Shock and Awe

Journalists investigate the assertions by the Bush Administration concerning Saddam Hussein’s alleged possession of weapons of mass destruction as a reason for the 2003 invasion of Iraq.

Most of the administration’s case for that war made absolutely no sense, specifically the notion that Saddam Hussein was allied with Osama bin Laden. That one from the get-go rang all the bells — a secular Arab dictator allied with a radical Islamist whose goal was to overthrow secular dictators and reestablish his Caliphate? The more we examined it, the more it stank. The second thing was rather than relying entirely on people of high rank with household names as sources, we had sources who were not political appointees. One of the things that has gone very wrong in Washington journalism is ‘source addiction,’ ‘access addiction,’ and the idea that in order to maintain access to people in the White House or vice president’s office or high up in a department, you have to dance to their tune. That’s not what journalism is about.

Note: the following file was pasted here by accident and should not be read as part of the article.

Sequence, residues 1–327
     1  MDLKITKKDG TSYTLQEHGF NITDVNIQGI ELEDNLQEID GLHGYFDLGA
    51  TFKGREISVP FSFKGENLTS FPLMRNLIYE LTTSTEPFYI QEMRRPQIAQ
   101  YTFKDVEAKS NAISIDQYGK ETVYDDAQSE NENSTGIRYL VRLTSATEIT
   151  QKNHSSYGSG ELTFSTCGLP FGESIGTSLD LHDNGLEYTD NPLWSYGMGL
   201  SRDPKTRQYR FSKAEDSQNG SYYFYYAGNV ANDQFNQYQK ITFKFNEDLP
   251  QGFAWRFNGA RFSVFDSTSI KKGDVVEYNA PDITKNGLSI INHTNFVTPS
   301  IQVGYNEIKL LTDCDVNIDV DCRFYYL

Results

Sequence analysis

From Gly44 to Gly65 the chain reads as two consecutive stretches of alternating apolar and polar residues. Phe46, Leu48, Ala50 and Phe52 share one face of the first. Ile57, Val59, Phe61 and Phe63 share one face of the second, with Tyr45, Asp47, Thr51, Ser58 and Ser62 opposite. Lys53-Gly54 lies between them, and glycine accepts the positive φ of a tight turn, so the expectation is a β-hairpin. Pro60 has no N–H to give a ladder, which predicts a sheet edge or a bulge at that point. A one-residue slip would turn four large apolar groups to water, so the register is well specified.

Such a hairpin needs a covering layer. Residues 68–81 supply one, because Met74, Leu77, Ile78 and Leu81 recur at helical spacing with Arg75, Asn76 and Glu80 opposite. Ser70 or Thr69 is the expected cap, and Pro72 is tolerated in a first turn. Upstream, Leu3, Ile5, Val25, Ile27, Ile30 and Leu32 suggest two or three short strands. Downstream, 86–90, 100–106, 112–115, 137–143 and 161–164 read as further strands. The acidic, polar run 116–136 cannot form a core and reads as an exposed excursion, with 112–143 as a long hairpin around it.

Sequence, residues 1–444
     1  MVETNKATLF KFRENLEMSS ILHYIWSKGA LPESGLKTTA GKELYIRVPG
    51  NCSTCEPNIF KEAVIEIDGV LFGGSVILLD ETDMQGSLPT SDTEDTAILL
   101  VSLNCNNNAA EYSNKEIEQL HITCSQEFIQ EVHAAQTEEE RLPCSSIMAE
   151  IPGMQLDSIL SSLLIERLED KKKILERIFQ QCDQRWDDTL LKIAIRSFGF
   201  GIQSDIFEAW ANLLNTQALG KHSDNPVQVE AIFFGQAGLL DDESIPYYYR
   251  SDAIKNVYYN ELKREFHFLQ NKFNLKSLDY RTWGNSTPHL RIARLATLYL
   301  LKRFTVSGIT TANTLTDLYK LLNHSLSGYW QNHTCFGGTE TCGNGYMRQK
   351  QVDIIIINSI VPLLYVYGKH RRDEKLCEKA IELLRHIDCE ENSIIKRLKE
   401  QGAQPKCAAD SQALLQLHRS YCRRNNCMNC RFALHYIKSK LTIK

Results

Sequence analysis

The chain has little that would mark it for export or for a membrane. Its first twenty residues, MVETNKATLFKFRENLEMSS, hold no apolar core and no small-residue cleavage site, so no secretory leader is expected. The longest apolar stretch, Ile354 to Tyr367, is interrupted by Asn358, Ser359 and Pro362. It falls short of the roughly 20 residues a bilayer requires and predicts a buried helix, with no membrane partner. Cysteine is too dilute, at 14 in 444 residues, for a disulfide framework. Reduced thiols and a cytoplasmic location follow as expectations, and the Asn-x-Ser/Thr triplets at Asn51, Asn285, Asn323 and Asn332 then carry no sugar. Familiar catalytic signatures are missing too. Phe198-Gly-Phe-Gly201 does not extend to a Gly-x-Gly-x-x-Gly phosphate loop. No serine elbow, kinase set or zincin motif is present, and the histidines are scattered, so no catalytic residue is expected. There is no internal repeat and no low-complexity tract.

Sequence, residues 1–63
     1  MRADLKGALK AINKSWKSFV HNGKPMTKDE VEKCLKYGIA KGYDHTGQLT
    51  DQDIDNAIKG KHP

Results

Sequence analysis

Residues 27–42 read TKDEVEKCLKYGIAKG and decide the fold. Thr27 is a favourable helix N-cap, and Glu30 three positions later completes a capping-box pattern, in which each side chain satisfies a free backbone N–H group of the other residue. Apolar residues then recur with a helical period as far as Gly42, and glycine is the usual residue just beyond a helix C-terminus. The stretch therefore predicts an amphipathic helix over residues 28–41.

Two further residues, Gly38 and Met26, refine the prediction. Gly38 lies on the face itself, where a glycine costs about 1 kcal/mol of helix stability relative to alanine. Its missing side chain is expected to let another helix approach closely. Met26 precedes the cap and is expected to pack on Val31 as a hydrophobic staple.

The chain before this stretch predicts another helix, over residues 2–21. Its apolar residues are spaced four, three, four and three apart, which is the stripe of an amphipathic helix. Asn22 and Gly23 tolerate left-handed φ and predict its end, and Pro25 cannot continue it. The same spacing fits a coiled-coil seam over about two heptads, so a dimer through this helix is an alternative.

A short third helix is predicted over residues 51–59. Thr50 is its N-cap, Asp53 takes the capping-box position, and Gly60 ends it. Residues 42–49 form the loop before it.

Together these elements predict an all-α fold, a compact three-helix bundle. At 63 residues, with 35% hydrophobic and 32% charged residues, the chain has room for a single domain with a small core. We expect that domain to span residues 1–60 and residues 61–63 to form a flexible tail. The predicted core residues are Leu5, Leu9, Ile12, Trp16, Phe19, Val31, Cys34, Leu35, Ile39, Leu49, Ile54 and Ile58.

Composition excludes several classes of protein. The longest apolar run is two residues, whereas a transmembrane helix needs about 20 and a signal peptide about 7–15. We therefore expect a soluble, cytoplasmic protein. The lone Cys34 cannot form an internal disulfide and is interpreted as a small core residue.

We had better sources than she (Judith Miller) did and we knew who her sources were. They were political appointees who were making a political case.

I first met him (Ahmed Chalabi) in ’95 or ’96. I wouldn’t get dressed in the morning based on what he told me the weather was, let alone go to war.

– John Walcott, Knight Ridder Washington bureau chief

Knight Ridder Washington reporters Warren Strobel and Jonathan Landay received the Raymond Clapper Memorial award from the Senate Press Gallery on February 5, 2004, for their coverage of the questionable intelligence used to justify war with Iraq.